The Australian government has spent the past year promoting its “Pacific step-up” as one of the country’s “highest foreign policy priorities”.
Although there has been some progress on the diplomatic front in the past year – an increase in diplomatic visits, a boost in foreign aid and a new A$2 billion infrastructure financing initiative – there is some way to go to bring balance, mutual respect and a sense of long-term partnership and commitment to our relations with the region.
New research shows people in three of Australia’s closest Pacific neighbours – the Solomon Islands, Fiji and Vanuatu – are concerned Australia does not know how to engage successfully as part of the Pacific community.
Three key messages came through:
- the quality of our relationships matter more than the quantity of our aid or trade
- our values, norms and ways of doing things are a vital part of how we conduct our engagement with the Pacific
- Australia, and its historical relationship, is valued but we are one of many partners for Pacific islanders.
Late last year, the Whitlam Institute at Western Sydney University commissioned a policy research project led by the peacebuilding NGO Peacifica and Pacific specialist Tess Newton Cain. It aimed to understand how people in the three island nations view Australians and the government’s policies in the Pacific.
We conducted focus groups and one-on-one interviews with 150 participants from varying backgrounds, including people from urban and rural settings, women, young people, business people and those engaged in civil society and government. These conversations were then followed by expert seminars in Canberra and Suva.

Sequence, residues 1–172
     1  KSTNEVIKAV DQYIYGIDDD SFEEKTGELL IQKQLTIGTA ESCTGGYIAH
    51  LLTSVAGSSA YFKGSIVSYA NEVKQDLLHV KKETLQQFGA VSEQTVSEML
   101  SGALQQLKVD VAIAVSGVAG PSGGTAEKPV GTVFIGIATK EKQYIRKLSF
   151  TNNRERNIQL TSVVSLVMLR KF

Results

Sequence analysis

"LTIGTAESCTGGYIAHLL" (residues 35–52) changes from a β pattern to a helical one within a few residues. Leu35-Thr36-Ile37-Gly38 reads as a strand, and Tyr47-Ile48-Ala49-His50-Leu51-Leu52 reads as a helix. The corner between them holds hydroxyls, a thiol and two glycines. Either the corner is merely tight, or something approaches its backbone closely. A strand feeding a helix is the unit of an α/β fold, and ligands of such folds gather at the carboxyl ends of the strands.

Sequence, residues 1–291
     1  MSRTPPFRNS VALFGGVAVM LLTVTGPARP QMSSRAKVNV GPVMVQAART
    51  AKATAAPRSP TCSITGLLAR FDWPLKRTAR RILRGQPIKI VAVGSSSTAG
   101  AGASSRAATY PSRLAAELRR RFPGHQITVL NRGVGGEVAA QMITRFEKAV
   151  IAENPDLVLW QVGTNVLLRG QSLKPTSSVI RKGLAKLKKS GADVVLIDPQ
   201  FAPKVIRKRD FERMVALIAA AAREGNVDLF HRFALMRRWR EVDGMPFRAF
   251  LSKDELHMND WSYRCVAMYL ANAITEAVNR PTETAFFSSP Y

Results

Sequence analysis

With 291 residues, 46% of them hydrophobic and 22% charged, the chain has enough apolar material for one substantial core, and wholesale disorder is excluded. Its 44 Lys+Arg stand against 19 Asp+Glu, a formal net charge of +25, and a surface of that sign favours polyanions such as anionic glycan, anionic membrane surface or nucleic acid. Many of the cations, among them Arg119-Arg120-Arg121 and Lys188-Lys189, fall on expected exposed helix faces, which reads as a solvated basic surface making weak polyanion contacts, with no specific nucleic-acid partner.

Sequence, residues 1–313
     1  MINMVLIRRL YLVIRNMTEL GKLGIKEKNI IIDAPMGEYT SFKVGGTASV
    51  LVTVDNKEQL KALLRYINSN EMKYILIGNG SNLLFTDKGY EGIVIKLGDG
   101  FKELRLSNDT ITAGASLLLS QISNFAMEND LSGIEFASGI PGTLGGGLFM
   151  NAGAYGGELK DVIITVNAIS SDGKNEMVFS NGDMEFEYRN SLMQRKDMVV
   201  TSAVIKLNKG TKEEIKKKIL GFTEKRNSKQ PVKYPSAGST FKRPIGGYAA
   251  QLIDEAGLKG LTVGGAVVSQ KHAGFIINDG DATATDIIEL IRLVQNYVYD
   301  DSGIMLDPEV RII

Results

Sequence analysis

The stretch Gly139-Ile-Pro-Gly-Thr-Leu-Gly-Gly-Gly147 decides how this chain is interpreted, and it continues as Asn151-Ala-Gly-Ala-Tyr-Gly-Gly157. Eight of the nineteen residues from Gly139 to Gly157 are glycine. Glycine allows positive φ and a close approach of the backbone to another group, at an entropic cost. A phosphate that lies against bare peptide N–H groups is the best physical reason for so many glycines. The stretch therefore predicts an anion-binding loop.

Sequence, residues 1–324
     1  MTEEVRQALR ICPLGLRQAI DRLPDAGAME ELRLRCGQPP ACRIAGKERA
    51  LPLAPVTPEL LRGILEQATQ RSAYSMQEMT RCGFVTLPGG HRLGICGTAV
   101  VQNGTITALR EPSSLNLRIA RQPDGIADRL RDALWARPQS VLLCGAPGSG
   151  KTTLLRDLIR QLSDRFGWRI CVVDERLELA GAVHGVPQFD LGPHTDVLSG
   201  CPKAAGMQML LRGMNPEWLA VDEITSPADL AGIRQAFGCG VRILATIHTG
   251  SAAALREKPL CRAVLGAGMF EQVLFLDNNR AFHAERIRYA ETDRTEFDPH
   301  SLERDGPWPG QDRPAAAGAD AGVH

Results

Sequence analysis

The full report will be released at the Australasian Aid Conference on February 17.
‘Stifled by a degree of parochialism’
The participants in our surveys praised Australia’s efforts to empower women, as well as our humanitarian assistance programs, for their effectiveness and impact. But beyond that, the picture was more bleak in terms of whether we have the right policy and diplomatic priorities.
Across the three countries, there was a similar concern of a lack of balance and equality in the Australia-Pacific relationship and a belief Australia doesn’t truly hear the perspectives of its neighbours.
There was also a perception of a certain level of racism and disrespect directed towards people from the Pacific. As one participant said, the relationship is
layered over and stifled by a degree of parochialism that is not only unnecessary, it’s counter-productive.
Our participants pointed to numerous examples of how Australians lack cultural sensitivity in their dealings with the Pacific, especially compared to people from New Zealand and even China. As one participant noted:
China is listening and looking, observing.
They also expressed major dissatisfaction with the contrast between the welcome Australians receive when they come to the Pacific compared to the welcome islanders receive when they come here. Visa conditions were a major part of this concern.
Remove the visa requirement to allow South Sea countries to be able to have access to a region that they helped to develop.
When discussing aid, our participants noted problems with the role of international NGOs working in the Pacific, many of which are based in Australia. Participants were concerned by the Pacific’s over-reliance on international NGOs, the crowding out of local partners and the failure of governments and international NGOs to appreciate and acknowledge the value of local knowledge.